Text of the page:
How alternative households can financially prepare for life changes

By Calvin Goetz

Financial planning is not a set and forget activity. On the contrary, it is constantly changing according to your changing life circumstances.

Priorities and financial goals may change when a person enters an alternative lifestyle. Adults in non-traditional households face financial planning challenges, questions and decisions that may differ from those in traditional families. Non-traditional families—households such as single-parent families, cohabitants, or same-sex couples—have increased dramatically in recent years. the 2019 US Census Bureau American Community Survey showed that only 19% of family households had a “traditional family”, defined as a married couple living with children. Number of unmarried partners in the United States has nearly tripled over the past two decades.

Many rules related to income tax, inheritance tax, retirement and insurance generally provide protection to married couples, including in terms of property rights, legal rights, wealth transfer and medical decisions. Non-traditional households, on the other hand, do not receive these benefits. But there are strategies that non-traditional households can use to overcome these limitations and adjust their financial plans wisely.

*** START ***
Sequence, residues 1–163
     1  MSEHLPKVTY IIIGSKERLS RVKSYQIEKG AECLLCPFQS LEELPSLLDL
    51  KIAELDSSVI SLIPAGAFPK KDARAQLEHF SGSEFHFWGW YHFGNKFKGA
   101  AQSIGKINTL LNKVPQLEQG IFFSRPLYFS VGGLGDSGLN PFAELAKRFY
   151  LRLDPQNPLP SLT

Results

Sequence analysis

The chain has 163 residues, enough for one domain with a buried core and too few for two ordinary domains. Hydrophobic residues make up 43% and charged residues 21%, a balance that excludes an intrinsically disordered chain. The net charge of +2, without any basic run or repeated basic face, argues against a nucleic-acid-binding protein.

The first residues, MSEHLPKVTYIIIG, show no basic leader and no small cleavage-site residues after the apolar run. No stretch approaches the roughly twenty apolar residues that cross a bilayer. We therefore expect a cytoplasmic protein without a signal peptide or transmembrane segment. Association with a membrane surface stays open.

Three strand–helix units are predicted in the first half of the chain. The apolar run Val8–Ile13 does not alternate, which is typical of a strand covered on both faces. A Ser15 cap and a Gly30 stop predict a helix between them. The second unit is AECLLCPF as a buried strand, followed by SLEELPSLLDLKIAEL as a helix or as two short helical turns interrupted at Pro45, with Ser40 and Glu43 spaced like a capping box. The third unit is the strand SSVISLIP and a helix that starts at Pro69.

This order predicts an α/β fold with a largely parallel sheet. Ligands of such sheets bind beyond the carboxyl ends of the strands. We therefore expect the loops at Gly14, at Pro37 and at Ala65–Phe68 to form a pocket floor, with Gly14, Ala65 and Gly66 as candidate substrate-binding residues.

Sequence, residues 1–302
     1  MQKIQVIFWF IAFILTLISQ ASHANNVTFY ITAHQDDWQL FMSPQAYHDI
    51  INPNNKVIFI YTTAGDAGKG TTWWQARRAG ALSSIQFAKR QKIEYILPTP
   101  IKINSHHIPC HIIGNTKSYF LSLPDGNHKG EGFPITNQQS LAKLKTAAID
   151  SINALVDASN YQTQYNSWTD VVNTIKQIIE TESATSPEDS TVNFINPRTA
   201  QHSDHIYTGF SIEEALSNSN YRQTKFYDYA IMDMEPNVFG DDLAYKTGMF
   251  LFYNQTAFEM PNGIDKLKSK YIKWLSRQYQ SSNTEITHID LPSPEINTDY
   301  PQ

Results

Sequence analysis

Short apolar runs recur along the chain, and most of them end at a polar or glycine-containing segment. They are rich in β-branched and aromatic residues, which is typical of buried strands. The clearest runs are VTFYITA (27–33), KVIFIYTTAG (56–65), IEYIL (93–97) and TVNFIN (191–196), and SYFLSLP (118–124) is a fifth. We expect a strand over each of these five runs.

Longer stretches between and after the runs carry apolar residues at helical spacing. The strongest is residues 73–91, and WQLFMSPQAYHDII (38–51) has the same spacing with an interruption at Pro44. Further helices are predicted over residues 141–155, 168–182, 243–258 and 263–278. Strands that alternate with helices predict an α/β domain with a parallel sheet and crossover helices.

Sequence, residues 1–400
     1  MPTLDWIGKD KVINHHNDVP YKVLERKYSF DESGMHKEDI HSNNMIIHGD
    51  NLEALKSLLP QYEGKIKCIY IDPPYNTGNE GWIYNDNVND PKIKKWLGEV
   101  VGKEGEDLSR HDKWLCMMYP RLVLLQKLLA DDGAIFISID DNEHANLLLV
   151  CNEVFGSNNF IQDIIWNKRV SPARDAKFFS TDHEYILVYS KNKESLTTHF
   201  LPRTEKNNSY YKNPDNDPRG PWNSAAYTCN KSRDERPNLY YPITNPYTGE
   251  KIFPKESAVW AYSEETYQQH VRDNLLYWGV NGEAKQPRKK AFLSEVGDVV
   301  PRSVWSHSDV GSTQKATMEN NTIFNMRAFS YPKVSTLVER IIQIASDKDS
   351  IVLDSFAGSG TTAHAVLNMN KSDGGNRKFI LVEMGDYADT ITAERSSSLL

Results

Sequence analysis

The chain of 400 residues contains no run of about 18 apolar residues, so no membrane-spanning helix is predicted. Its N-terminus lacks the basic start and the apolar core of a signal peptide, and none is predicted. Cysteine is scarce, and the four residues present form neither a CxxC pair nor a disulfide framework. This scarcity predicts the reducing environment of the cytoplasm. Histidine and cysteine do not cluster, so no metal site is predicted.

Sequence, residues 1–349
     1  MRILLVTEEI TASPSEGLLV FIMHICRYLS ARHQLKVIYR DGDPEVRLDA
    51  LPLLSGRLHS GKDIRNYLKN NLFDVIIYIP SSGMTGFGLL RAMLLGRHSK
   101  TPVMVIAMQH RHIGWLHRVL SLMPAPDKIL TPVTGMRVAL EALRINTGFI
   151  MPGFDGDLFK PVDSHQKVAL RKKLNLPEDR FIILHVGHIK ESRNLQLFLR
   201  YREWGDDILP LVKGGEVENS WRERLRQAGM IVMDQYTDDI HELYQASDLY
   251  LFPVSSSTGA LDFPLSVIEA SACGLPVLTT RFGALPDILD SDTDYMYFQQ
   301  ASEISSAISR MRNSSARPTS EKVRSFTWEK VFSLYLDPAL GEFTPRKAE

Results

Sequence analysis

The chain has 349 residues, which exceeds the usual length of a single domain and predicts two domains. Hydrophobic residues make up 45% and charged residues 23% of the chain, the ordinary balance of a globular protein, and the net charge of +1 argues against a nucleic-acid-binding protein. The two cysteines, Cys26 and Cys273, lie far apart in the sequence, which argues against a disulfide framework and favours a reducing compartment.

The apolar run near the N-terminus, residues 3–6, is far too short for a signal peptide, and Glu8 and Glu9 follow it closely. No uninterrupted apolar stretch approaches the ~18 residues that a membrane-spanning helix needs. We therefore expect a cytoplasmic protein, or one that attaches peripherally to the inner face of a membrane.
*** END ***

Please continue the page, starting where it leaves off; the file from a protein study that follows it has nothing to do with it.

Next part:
Single parents

Income taxes. If you are newly divorced, assess the impact of your new tax status, including the possible decrease in deductions. The IRS only allows one parent to report a particular child on their tax return for a given year. But single parents can reduce their taxable income by declaring themselves the head of the family. To qualify, the parent must pay more than 50% of household expenses, be single on the last day of the tax year, and have their child live with them for more than six months of the year.

The Child Tax Credit has been increased for the 2021 tax year by the US bailout. It is now $3,600 for eligible children under age 6 and $3,000 for eligible children ages 6 to 17. The U.S. bailout also made changes for 2021 to the Child and Dependent Care Credit, through which single parents can claim a percentage of child care expenses for children 12 and under. . The amount of eligible expenses increases from $3,000 to $8,000 per eligible person.

Planning for retirement and college education. Taking full advantage of 401(k) and 403(b) plans can be essential for a single parent building their retirement nest egg, thanks to matching contributions provided by many employers. The tax benefits associated with these accounts, meanwhile, can help fund your child’s education savings. Contributions to business accounts like a 401(k) or 403(b) are deducted from your salary before income tax is calculated, reducing your overall tax liability. This income tax savings shows up in your paycheck, money that can be directed to a child’s college savings account.